The review found evidence from biomarker studies showing that yoga influences key elements of the human body thought to play a role in mental health in similar ways to that of antidepressants and psychotherapy. One study found that the exercise affects neurotransmitters, inflammation, oxidative stress, lipids, growth factors and second messengers.

Unmet Needs Among Mental Health Patients

Depression alone affects more than 350 million people globally and is the leading cause of disability worldwide, according to the World Health Organization (WHO). On World Mental Health Day last year, the WHO called for improved access to treatments.

While there has been an increase in the number of medications available for mental health disorders, many of which can be life saving for patients, there remains "a considerable unmet need," according to Dr. Meera Balasubramaniam, lead author of the study, who is also based at Duke University.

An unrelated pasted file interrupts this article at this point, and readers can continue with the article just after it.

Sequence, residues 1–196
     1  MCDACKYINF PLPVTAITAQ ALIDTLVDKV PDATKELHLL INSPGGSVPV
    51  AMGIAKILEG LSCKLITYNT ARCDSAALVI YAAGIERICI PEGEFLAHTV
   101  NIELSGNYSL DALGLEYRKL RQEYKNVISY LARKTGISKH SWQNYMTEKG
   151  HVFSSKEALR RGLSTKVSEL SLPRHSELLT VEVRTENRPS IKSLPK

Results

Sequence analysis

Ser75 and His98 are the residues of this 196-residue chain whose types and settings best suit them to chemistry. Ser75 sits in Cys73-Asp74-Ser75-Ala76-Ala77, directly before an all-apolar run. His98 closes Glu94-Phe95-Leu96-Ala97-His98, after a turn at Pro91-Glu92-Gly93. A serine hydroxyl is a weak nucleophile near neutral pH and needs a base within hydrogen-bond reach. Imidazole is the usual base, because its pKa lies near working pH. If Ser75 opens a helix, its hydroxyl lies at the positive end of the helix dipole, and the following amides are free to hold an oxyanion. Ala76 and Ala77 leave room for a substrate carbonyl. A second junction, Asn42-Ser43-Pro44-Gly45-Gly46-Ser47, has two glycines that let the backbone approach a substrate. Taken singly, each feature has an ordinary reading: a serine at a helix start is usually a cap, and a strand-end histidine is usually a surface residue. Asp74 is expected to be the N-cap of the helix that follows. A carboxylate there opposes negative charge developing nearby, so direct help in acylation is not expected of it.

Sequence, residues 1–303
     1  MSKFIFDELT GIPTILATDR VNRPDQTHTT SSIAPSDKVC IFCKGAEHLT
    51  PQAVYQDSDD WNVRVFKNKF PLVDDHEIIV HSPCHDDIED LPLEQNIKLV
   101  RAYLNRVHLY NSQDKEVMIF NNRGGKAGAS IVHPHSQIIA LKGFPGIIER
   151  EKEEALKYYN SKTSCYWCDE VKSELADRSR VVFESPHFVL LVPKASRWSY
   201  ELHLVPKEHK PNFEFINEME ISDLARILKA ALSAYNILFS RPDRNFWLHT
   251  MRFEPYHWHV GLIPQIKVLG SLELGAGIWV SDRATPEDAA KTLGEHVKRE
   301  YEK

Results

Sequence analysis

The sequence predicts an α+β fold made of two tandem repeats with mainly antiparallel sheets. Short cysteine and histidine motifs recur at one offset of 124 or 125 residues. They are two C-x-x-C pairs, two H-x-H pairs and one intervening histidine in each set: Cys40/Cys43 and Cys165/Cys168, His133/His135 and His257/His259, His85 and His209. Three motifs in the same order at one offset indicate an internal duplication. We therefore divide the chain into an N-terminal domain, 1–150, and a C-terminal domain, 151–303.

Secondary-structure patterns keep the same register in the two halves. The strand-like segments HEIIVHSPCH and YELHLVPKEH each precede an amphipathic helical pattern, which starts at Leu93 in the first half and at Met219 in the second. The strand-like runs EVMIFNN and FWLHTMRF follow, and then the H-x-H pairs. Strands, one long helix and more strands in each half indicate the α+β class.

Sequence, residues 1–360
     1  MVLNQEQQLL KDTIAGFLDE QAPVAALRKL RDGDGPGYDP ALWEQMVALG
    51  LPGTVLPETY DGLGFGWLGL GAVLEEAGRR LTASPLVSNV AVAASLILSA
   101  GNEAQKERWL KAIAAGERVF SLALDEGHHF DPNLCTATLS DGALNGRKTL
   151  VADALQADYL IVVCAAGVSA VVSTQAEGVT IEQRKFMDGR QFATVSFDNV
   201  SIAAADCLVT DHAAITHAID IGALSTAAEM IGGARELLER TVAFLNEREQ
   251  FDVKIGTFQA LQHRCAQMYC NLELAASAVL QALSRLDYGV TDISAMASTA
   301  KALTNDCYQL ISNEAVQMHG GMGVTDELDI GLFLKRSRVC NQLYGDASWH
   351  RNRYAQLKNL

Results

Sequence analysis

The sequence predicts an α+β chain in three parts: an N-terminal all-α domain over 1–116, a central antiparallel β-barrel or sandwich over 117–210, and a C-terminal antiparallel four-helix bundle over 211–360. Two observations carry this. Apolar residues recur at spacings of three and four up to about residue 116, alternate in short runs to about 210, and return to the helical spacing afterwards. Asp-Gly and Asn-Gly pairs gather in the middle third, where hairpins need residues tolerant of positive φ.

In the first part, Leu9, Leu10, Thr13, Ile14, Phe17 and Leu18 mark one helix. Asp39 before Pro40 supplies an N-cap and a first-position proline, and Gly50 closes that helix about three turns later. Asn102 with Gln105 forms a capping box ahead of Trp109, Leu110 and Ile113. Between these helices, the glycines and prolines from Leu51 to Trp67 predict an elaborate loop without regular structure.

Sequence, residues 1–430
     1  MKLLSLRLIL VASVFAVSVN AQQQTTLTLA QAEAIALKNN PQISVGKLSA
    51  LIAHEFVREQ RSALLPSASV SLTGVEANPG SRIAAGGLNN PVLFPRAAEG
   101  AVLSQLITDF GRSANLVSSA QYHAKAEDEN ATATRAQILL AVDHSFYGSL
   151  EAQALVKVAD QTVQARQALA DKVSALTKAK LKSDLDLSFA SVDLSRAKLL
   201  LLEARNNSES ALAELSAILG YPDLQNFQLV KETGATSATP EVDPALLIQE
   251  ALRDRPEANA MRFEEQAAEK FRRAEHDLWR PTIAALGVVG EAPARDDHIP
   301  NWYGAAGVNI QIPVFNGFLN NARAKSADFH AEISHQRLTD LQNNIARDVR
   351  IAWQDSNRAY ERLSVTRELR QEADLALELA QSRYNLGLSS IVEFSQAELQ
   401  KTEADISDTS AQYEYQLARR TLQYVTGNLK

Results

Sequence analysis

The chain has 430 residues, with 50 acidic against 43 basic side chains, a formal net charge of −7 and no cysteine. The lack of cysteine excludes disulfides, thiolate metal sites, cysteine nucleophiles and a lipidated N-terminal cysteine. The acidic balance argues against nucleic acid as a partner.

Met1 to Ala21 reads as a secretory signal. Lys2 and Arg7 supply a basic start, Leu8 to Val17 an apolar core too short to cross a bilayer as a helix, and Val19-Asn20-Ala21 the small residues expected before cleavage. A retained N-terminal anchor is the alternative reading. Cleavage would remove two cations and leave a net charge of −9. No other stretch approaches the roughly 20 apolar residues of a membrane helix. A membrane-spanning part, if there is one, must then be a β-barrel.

Poor compliance and relapse as well as treatment resistance are growing problems, and medications are expensive and can leave patients with significant side effects.

The Primary Care study, carried out by WHO, found that 60% of patients were still depressed after a year of being treated with an anti-depressant and NIMH-funded research showed remission in only one-third of patients.

"The search for improved treatments, including non-drug based, to meet the holistic needs of patients is of paramount importance and we call for more research into yoga as a global priority," said Doraiswamy. "If the promise of yoga on mental health was found in a drug, it would be the best selling medication world-wide," he added.